San Antonio Food Incubator Stirs Up New Culinary Businesses

Tracie Shelton is bringing business mentorship and healthier eats to her Alamo City neighborhood.

Tracie Shelton, Alamo Kitchens

Tracie Shelton (Photo courtesy Tracie Shelton)

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Tracie Shelton is the founding force behind Alamo Kitchens, a culinary co-working space in San Antonio, Texas. Shelton was already motivated to help other businesses succeed in her role as a business coach. But she saw they had needs that were not being filled, and she also had a desire to influence more healthy options in her community.

While food incubators often serve the space needs of a business, not every commissary-style effort offers any resources beyond that. In fact, some even have a fee structure that could be deemed predatory for fledgling food concepts, which are also often minority-owned businesses. Startup costs comprise the bulk of a new business budget and excess fees tend to negate the savings of a shared kitchen concept. Approaching food incubators with a service mentality is an empowering approach.

Shelton began her endeavor from the mentoring side — she views it as an expansion of her original work as a business coach. “I visited with lots of different businesses, helping them start, pivot, and grow,” she says. I saw that many of my food-related businesses were struggling to grow because they did not have a licensed space to prepare their products. This was a problem I knew I could solve. And, one that tied closely with a desire of my heart.”

One of her more pressing desires was to foster better food and health in her neighborhood. This was a deeply motivated goal due to her experience with family health. She saw a clear path to that goal with Alamo Kitchens.

“My youngest son was born with several health concerns,” Shelton says. “We learned that they were manifested, in part, based on the food he consumed. As I took care of my son, I learned that food is medicine. I wanted to share that learning with other young people and their families. The kitchen became a space for me to help educate people about food and how it can be used to heal.”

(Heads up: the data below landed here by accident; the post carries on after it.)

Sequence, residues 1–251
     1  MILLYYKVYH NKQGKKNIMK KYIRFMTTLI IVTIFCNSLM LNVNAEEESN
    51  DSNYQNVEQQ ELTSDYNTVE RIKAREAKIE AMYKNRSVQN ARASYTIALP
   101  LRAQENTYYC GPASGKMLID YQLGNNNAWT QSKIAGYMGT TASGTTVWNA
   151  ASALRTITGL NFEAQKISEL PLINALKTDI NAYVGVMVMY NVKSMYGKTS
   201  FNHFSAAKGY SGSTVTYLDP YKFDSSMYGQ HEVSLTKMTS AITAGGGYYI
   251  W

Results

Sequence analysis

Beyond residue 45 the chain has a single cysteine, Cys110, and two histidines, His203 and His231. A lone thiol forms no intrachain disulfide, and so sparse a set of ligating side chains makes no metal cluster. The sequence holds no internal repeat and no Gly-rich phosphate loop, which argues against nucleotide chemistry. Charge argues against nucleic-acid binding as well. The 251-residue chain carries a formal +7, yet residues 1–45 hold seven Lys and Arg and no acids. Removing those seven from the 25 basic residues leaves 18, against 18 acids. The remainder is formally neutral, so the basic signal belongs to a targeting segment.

But Shelton’s vision has the benefit of advanced structure and planning. The Break Fast and Launch program is a culinary business accelerator by Launch SA, an entrepreneurship center partnership between the City of San Antonio’s Economic Development Department and LiftFund, one of the largest microfinance nonprofits in the country. The program was instrumental in launching Alamo Kitchens in 2018. They’ve worked with over 115 businesses in the program since 2015.

“I had worked on my business plan,” Shelton says. “It was not until the Break Fast and Launch program that I felt like I had all the tools necessary to actually launch the business.”

Shelton was also a recipient of a LiftFund loan, in partnership with the City of San Antonio. The loan structure helps build more credit history for business owners. She was also a winner in the 2018 Venture Challenge, a Launch SA competition.

“LiftFund supports hard-working small business owners, like Tracie Shelton, to access the funding and resources they need to launch and grow their businesses,” says Alma Valdez Brown, small business development officer at LiftFund.

The role of community stakeholders, funders, developers and civic leaders is not to be underestimated in sustainably building thriving small businesses. Shelton says the biggest indicator of success for Alamo Kitchen is the growth of her clients’ businesses.

“The biggest thing everyone can do is show up!” she says. “And ‘show up’ means different things depending on the type of business and their current needs… referring them to a client, helping them partner on a contract, purchasing from them, helping secure funds and being a mentor.”

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This story is part of our series, CDFI Futures, which explores the community development finance industry through the lenses of equity, public policy and inclusive community development. The series is generously supported by Partners for the Common Good. Sign up for PCG’s CapNexus newsletter at

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Hadassah Patterson has written for news outlets for more than a decade, contributing for seven years to local online news and with 15 years of experience in commercial copywriting. She currently covers politics, business, social justice, culture, food and wellness.

Tags: small businesscdfi futuressan antoniofood

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